China: Iran's New Best Friend

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Iran's President Hassan Rouhani, left, walks away after shaking hands with Chinese President Xi Jinping before the opening ceremony at the fourth Conference on Interaction and Confidence Building Measures in Asia summit in Shanghai, China, on May 21, 2014. Aly Song/AP

As Iran celebrates the lifting of sanctions and cranks up its oil production, the biggest winner may be China, Iran’s new best friend. Chinese President Xi Jinping paid a visit to Tehran in January, meeting Iranian President Hassan Rouhani and signing a 25-year economic, political and military cooperation pact. The two leaders announced the signing of 17 deals—including agreements on oil drilling, nuclear energy and a vast infrastructure project linking China to the Mediterranean, known as One Belt, One Road. Rouhani predicted the deals would boost bilateral trade tenfold to an annual $600 billion in the next decade.

“The end of the sanctions will serve first and foremost to help Chinese energy firms—that is why President Xi Jinping is paying a sudden official visit to Tehran,” says Jean-Christophe Iseux, Baron von Pfetten, a French senior adviser to the Chinese government. (He convened a series of back-channel meetings among top Iranian, Chinese and Israeli officials in the run-up to July’s grand deal in Vienna, where Iran agreed to suspend its nuclear program in exchange for the lifting of sanctions.) “The [nuclear] deal would not have been possible without the active involvement of Iran’s sole trusted foreign friend—China,” von Pfetten says.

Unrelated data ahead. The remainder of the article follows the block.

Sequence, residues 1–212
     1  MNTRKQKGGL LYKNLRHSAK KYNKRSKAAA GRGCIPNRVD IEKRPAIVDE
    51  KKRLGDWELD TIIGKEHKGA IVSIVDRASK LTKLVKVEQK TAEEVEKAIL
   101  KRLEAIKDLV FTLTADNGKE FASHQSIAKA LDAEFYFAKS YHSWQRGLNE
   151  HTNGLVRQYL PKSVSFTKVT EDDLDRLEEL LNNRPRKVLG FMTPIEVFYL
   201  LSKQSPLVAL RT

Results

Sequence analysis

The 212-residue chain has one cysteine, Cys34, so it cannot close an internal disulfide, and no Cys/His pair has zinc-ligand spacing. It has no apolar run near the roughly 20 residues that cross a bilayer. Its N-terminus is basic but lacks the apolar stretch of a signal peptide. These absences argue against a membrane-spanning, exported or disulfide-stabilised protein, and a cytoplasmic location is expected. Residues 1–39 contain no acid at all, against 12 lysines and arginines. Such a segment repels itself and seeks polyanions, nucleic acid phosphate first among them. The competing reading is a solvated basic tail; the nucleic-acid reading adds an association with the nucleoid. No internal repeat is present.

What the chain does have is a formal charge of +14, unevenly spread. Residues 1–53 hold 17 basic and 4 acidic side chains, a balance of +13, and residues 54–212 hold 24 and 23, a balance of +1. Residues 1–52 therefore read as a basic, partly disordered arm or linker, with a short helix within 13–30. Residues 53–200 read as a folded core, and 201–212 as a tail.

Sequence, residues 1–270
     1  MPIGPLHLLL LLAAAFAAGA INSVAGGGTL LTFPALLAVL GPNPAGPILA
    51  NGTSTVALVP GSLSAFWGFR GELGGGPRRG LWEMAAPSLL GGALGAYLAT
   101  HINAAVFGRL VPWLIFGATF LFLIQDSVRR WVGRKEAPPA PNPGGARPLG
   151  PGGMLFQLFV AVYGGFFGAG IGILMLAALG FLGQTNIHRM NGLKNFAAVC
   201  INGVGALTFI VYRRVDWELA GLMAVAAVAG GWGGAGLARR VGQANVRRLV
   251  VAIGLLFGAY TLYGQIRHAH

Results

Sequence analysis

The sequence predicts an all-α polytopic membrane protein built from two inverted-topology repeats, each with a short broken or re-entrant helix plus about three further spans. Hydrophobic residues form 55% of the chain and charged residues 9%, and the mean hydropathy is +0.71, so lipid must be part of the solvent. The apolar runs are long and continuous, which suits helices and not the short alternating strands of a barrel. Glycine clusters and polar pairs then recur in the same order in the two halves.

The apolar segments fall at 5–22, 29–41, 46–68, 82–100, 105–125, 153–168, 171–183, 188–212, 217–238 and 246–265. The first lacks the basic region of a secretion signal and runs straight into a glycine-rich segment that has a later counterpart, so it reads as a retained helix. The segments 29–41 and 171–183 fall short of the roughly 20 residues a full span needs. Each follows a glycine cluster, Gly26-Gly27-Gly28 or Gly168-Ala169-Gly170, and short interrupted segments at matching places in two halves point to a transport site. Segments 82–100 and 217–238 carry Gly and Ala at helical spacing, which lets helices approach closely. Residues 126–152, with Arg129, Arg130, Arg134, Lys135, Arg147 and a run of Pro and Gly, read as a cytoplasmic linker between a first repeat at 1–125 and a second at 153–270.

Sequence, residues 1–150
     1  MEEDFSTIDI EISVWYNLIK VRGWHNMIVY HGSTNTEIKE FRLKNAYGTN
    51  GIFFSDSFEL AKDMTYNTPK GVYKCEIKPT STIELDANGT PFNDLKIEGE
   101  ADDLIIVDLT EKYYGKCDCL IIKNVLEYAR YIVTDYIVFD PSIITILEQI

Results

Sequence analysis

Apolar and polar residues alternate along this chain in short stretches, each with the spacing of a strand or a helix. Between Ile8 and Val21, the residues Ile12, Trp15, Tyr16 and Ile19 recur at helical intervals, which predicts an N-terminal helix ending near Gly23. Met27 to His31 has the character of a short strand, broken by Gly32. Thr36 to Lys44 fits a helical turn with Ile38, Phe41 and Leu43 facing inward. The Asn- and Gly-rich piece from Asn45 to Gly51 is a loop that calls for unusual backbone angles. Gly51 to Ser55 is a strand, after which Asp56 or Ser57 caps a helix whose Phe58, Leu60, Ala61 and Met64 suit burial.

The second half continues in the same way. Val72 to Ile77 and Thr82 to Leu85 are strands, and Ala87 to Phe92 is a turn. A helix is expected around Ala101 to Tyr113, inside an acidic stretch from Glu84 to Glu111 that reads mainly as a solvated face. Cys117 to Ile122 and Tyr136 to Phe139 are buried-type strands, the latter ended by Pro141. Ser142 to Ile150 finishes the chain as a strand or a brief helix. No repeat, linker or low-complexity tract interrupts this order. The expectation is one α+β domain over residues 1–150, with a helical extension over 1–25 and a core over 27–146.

Iran has been close to China for years—it has been Iran’s largest trading partner since 2009. During the last (and most draconian) sanctions period, China helped keep Tehran afloat by buying its oil, using Iranian banks in a way that did not technically violate sanctions. China also invested heavily in Iranian roads, factories and infrastructure at the time. High-profile Chinese projects include the 5-kilometer Niayesh tunnel in Tehran, one of the longest in the world, and the city’s Chinese-designed metro system. The two countries have also found common ground in their opposition to U.S. interventions in Iraq and Afghanistan.

It was China that helped Iran kick-start its nuclear weapons program back in the 1980s, constructing a uranium hexafluoride enrichment plant near the city of Isfahan. The two countries’ military-industrial complexes have been close ever since, and one source who has worked with the Chinese military on its international relations confirms that secret military protocols were also signed this week.

It’s not hard to guess how they might work together: This past November, the head of the Chinese air force, General Ma Xiaotian, visited his Iranian counterpart, Hassan Shah Safi, and promised that cooperation between the two “can go up another level.” Last October, Chinese warships docked at Iran's Bandar Abbas port for the first time to take part in a joint naval exercise in the Persian Gulf. Iran already deploys a full array of so-called anti-access/area denial (or A2/AD) resources purchased from China, including tactical ballistic and HY-2 Silkworm anti-ship missiles, anti-ship mines and Houdong fast-attack boats. In February 2015, the Iranian Revolutionary Guards Corps put this equipment into action in a drill dubbed “Great Prophet 9,” in which Houdong craft destroyed a replica of an American aircraft carrier near the strategic Strait of Hormuz.